How to make models more useful

Barton, C.M., M.A. Janssen, A. Lee, S. van der Leeuw, G.E. Tucker, C. Porter, J. Greenberg, L. Swantek, K. Frank, M. Chen and H.R.A. Jagers

2022 Proceedings of the National Academy of Sciences of the United States of America 119 (35) e2202112119.

A Perspective on the Future of Studying the Commons

Janssen, M.A.

2022 International Journal of the Commons 16(1): 243–247. .

Joint effects of voluntary participation and group selection on the evolution of altruistic punishment

Shin, H.C., S. Vallury, M.A. Janssen and D.J. Yu

2022 PLOS ONE 17(5): e0268019.


It is puzzling how altruistic punishment of defectors can evolve in large groups of nonrelatives, since punishers should voluntarily bear individual costs of punishing to benefit those who do not pay the costs. Although two distinct mechanisms have been proposed to explain the puzzle, namely voluntary participation and group-level competition and selection, insights into their joint effects have been less clear. Here we investigated what could be combined effects of these two mechanisms on the evolution of altruistic punishment and how these effects can vary with nonparticipants’ individual payoff and group size. We modelled altruistic punishers as those who contribute to a public good and impose a fine on each defector, i.e., they are neither pure punishers nor excluders. Our simulation results show that voluntary participation has negative effects on the evolution of cooperation in small groups regardless of nonparticipants’ payoffs, while in large groups it has positive effects within only a limited range of nonparticipants’ payoff. We discuss that such asymmetric effects could be explained by evolutionary forces emerging from voluntary participation. Lastly, we suggest that insights from social science disciplines studying the exit option could enrich voluntary participation models.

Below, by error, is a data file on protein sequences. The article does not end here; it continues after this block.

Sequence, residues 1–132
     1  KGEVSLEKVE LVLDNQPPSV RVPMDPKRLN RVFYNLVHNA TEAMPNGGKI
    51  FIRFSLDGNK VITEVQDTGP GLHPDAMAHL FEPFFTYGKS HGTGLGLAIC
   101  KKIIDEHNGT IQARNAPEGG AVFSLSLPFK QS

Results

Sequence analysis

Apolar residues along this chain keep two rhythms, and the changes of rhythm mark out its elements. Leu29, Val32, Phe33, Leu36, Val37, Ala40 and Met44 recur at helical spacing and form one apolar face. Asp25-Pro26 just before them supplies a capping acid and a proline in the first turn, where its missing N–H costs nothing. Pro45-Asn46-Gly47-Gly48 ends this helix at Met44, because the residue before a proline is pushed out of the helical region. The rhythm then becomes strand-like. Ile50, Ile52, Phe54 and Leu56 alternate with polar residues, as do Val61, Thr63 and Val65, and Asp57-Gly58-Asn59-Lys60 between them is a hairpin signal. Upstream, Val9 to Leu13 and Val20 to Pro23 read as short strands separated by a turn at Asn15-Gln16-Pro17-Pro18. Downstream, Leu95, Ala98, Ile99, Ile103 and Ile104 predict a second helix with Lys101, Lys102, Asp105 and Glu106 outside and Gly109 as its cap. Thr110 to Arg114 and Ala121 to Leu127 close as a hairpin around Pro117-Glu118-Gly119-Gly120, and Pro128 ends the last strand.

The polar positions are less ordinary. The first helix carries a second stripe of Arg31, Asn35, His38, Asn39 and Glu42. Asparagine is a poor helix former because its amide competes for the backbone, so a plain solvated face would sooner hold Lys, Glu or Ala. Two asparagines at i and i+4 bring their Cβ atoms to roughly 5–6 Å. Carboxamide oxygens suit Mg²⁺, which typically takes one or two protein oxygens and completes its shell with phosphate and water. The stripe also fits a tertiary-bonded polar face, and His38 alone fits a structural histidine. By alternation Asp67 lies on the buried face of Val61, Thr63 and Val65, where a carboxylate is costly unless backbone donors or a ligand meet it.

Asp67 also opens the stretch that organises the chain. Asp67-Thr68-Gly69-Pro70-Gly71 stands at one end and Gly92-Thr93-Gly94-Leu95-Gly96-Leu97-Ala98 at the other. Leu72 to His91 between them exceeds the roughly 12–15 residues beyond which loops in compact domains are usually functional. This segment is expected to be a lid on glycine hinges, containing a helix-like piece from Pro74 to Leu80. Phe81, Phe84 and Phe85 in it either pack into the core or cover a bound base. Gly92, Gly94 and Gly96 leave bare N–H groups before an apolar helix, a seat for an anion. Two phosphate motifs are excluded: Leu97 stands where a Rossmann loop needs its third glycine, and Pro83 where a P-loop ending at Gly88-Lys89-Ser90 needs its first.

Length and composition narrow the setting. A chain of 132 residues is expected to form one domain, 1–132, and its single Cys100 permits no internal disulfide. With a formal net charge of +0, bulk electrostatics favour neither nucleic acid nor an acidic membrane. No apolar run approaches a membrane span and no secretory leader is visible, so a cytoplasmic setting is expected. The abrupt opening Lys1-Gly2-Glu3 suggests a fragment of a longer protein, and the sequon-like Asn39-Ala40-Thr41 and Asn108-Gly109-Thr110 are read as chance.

Highways as coupled infrastructure systems: An integrated approach to address sustainability challenges

Janssen, M.A., J.M. Anderies, A. Baeza, H.L. Breetz, T. Jasinski, H.C. Shin, and S. Vallury

2022 Sustainable and Resilient Infrastructure 7(2): 100-111.


The U.S. highway system is an iconic example of civil infrastructure. Yet it also exemplifies the challenges of infrastructure sustainability. The American Society for Civil Engineers gave the American road infrastructure a grade of “D” since the roads “are often crowded, frequently in poor condition, chronically underfunded, and are becoming more dangerous.” In this paper, we seek to understand the intertwined social and technical processes that lead to this unsustainability by examining the U.S. highway system from the perspective of coupled infrastructure systems (CIS), a transdisciplinary framework that aims to analyze governance challenges of shared resources from a dynamic systems perspective. We use highways as a special example of the broader challenge of providing and maintaining the shared infrastructure of all types. Our analysis of historical data concludes that the unsustainability of highways as coupled infrastructure systems can be explained from dysfunctional information feedbacks.


Containerization for creating reusable agent-based models

Vanegas-Ferro, A. Lee, C. Pritchard, C.M. Barton, and M.A. Janssen

2022 Socio-Environmental Systems Modelling 3.


Will you be able to run your computational models in the future? Even with well-documented code, this can be difficult due to changes in the software frameworks and operating systems that your code was built on. In this paper we discuss the use of containers to preserve code and their software dependencies to reproduce simulation results in the future. Containers are standalone lightweight packages of the original model software and their dependencies that can be run independent of the platform. As such they are suitable for reuse and sharing results. However, the use of containers is rare in the field of modeling social-environmental systems. We provide an introduction to the basic principles of containerization, argue why it would be beneficial if this tool became common practice in the field, describe a conceptual walkthrough to the process of containerizing a model, and reflect on near future directions of containerization workflows.


Assessing the Institutional Foundations of Adaptive Water Governance in South India

Vallury, S., H.C. Shin, M.A. Janssen, R.M Meinzen-Dick, S. Kandikuppa, K. Rao, R. Chaturvedi

2022 Ecology & Society 27(1): 18.